Aligning and Spacing Text in Word 2007

Aligning and Spacing Text in Word 2007
In the Paragraph box under the Home tab is where you will find the options for aligning and spacing text. The group of four buttons pictured allow for text to align left, center, right or justified. Aligning text left is the default and is how most text is aligned. Centering of course would be used for titles or headings in your document. Right alignment of text could be used when designing a business card where the address is aligned left and phone number(s) to the right. Justified is when the text is aligned to both the left and right margins, a format that is commonly used in newspapers and books.

The next button in line is Line Spacing. This is used to change the amount of space between lines, i.e.: single space, space and a half, double space, etc. Clicking on the button shows a drop down menu with your choices of spacing. Selecting Line Spacing Options brings up the Paragraph dialogue box.

The first tab in the Paragraph dialogue box is Indents and Spacing. Under General you can change the alignment and outline level of your paragraph. Indentation allows you to set left and right indents, or by clicking the Mirror button, inside and outside indents for pages that will be bound. The drop box under Special allows you to set a first line or a hanging indent and then you can specify by how much to indent.

Spacing Before or After will add or remove space before or after paragraphs by clicking on the up or down arrows. The spacing changes by increments of 6pts. Line Spacing allows you to choose predefined spacing or you can fine tune your line spacing by choosing Multiple and making adjustments under At. As you make these changes you can see how they will look in the Preview window. The last option under Spacing is a check box that when checked, whatever choices made for line spacing will not affect same style paragraphs.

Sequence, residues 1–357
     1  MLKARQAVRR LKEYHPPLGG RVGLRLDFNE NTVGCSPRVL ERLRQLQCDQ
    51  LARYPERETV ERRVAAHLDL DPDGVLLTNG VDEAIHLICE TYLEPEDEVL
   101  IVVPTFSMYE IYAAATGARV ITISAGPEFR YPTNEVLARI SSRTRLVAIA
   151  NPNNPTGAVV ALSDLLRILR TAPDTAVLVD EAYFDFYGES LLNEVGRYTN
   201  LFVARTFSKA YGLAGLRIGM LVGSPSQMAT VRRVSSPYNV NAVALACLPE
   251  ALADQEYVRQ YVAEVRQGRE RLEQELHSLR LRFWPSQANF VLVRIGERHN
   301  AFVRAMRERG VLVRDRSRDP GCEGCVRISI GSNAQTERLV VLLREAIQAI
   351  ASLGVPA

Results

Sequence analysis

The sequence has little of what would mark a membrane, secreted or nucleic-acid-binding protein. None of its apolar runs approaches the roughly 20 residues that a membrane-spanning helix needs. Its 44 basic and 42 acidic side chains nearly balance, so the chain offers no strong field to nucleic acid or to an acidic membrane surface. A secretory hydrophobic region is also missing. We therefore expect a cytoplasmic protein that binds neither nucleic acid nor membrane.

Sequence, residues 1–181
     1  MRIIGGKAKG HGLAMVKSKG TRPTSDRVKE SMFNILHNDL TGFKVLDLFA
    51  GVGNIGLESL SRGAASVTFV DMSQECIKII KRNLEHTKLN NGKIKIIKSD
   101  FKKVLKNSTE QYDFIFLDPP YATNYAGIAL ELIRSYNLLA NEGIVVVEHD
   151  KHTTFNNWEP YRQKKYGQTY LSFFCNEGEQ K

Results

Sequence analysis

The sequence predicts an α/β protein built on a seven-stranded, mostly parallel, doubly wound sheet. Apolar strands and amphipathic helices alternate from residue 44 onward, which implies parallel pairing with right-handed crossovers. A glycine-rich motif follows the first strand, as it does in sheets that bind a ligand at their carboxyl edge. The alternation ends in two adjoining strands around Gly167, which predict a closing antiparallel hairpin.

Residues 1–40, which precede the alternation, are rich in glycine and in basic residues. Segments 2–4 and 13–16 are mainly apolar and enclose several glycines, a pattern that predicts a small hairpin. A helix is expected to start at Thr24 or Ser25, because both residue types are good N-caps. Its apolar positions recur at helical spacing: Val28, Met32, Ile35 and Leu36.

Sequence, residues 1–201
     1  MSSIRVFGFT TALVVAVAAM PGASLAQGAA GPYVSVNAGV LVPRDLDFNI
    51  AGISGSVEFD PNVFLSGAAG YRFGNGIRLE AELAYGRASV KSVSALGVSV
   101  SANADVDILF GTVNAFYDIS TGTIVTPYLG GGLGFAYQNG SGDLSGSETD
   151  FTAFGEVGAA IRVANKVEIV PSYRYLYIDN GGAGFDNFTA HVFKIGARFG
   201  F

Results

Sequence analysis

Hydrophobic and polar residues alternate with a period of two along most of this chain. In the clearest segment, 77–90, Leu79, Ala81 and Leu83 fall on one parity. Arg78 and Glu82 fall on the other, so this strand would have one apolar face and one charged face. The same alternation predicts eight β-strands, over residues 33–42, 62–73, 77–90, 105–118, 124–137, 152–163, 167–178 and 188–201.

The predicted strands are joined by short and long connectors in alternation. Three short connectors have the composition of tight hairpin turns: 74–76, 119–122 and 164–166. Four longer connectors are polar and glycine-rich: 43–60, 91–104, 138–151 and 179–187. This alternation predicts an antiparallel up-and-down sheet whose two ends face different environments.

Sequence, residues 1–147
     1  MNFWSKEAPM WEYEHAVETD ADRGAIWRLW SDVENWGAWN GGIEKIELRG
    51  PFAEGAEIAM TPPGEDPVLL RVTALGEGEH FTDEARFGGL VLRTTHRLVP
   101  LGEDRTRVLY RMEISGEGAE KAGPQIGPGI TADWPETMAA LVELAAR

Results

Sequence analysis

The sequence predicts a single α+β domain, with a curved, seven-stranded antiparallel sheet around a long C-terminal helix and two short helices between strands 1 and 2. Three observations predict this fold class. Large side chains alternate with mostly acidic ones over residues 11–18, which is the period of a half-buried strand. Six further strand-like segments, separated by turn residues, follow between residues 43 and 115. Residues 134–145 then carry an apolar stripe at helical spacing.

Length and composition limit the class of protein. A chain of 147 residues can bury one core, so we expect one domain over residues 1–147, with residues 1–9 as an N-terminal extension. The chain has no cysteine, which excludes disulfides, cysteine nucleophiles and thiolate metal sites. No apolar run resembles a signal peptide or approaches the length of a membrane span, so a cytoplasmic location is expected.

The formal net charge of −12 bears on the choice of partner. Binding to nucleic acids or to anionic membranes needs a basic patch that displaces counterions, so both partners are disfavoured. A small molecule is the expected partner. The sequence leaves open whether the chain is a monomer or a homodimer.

At the bottom is a Tabs button which will open the Tabs dialogue box where multiple tab positions, alignment and leaders can be set. Clear All tabs will do just that by first selecting the text that needs to have the tabs removed then selecting Clear All.

The second tab, Line and Page Breaks provides options for Pagination, Formatting exceptions and Textbox options. By setting different options here you can control widows and orphans, keep headings with the paragraph that follows, force page breaks, allow automatic hyphenation and how tight the box wrap is around the text inside it.

The last two options under Line Spacing are Add Space Before Paragraph and Remove Space After Paragraph, which will affect either the paragraph where the cursor is or selected text.

The last item I would like to cover in the Paragraph box is the paragraph symbol in the upper right hand corner. Clicking on the button will show or hide the hidden formatting symbols. Showing the formatting symbols will reveal spaces, tabs, and return marks, both the ones that should be in the document and the ones that should be removed. I use this all the time when editing my client's documents -- some of them are notorious for using spaces instead of tabs, multiple tabs (using the defaults) instead of setting the correct tabs, extra spaces between words, extra returns between paragraphs, etc. Being able to see the formatting symbols makes it easier for me to remove the ones that do not belong.

Learning the basic functions of Word 7 can certainly help you when creating your documents and can take the mystery and frustration out of why there is space after every paragraph when you don't want or didn't put it there, or why text won't line up even though you put in plenty of spaces, or why some paragraphs are justified and other not, just to name a few.

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You Should Also Read:
Using Word 2007 Clipboard Commands
Using Tabs in MS Word
Using Drop Caps in MS Word 2007

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